Father’s Day: What I Loved And What I Hated

FATHER'S DAY PIC

Over a week ago I posted, “Growing-up Fatherless: My Father’s Day Wish.” I decided to do this before Father’s Day because I wanted Father’s Day to be about what it should be about…honoring involved Fathers. Yesterday, I honored two most important Father Figures in my life, my paternal grandfather and my cousin who I lovingly refer to as Daddy. I enjoyed seeing other post of people with their fathers/father figures. I got sad at seeing statuses where people’s story was similar to mine. I became angry when I saw more memes telling women that the day isn’t their’s than women actually claiming the day. I became even angrier when rather than blaming deadbeat fathers for being deadbeats people blamed the mothers for choosing no good men. I calmed down and became re-agitated when I read, “Father’s Day Is Not For Single Mothers.” Then I got sad all over again and I realized that in this patriarchal society, no matter how far we’ve come women will always be last.

Yes, it’s sometimes true. Women could have done a better job at choosing fathers for their children. The same can be said for men choosing mothers for their children. The big elephant in the room that many fail to discuss is that, some women prayed for a good mate. When who they thought was a good man came along they got married and had children only to later find out that he was a sheep in wolves clothing. Why does she have to take accountability for his inactions? Why do women have to continuously be blamed for everything? While I agree that single mothers need not ask for accolades on this day, I’m annoyed. I’m annoyed because rather than telling women that they don’t deserve to be honored on that day they should be telling these dead beat dads that they don’t deserve to be honored either.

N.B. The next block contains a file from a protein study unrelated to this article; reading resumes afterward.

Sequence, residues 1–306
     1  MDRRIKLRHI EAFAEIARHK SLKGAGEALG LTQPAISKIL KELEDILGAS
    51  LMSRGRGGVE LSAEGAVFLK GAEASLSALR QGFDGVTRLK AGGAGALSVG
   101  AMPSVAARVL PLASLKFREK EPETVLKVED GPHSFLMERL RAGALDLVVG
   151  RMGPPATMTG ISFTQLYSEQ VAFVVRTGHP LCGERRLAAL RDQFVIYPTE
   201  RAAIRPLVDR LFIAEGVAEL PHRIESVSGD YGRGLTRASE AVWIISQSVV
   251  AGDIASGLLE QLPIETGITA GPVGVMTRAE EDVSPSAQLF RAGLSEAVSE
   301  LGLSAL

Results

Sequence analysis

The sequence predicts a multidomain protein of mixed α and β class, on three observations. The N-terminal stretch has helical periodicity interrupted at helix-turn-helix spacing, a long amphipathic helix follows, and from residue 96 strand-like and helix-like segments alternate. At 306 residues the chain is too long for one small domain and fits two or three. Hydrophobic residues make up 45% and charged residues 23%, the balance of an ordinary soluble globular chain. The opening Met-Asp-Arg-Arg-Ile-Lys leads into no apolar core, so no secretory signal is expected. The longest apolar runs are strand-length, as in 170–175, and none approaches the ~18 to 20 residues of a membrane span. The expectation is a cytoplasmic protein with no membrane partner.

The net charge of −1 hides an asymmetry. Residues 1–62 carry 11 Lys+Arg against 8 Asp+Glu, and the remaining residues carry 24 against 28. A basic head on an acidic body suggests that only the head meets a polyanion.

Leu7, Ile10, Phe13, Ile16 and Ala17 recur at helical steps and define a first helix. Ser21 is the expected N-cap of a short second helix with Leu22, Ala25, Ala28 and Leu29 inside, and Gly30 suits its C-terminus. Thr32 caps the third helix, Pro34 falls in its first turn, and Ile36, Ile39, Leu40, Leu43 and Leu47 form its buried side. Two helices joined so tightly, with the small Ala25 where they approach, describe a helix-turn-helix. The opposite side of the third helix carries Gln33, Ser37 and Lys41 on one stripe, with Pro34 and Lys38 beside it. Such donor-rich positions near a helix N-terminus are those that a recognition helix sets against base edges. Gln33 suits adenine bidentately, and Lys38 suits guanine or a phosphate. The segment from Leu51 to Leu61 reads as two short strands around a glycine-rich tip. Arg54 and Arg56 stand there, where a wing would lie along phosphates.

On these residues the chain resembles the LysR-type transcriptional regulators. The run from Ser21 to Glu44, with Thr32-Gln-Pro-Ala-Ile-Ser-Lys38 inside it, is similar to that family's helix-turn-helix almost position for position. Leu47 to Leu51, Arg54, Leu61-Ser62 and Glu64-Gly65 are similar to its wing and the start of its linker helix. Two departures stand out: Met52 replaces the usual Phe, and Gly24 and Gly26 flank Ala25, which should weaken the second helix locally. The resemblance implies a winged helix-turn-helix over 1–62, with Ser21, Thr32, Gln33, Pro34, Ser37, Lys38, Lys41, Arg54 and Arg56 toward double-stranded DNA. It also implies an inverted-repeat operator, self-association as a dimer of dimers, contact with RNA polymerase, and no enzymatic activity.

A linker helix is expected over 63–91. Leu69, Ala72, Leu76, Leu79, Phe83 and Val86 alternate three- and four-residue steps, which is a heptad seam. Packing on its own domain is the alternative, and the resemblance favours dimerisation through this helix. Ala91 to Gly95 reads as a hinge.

I find it amazing that any other day that we honor something, we have no qualms about calling out those that complicate the issue. Parent’s that don’t vaccinate their children are called out for the detriment they are causing society. Failing to protect yourself and your partner are addressed on World AIDS Day along with every other AIDS day. Cancer Awareness month we urge folks to get tested if not for themselves, for their families. Yet on Father’s Day or for that matter Mother’s Day we fail to address the negative issues and I am not talking about women claiming Father’s Day either. I saw more it’s not your day and don’t claim it than I saw women actually claiming it. I saw more post blaming these single mothers for their child’s father being deadbeat. As a child of a deadbeat father who continues to have children and a mother who gave her ALL for us and did not intentionally choose a jackass for our father. He lied and lied good. By the time she realized he had children it was too late. I know A LOT of women with that story. The reality is that sometimes people are just that good at showing their representatives. I mean REALLY GOOD!!! No they are not fathers. Yes they are doing it own their own. No they don’t deserve to be disrespected by comments such as the ones that I saw yesterday.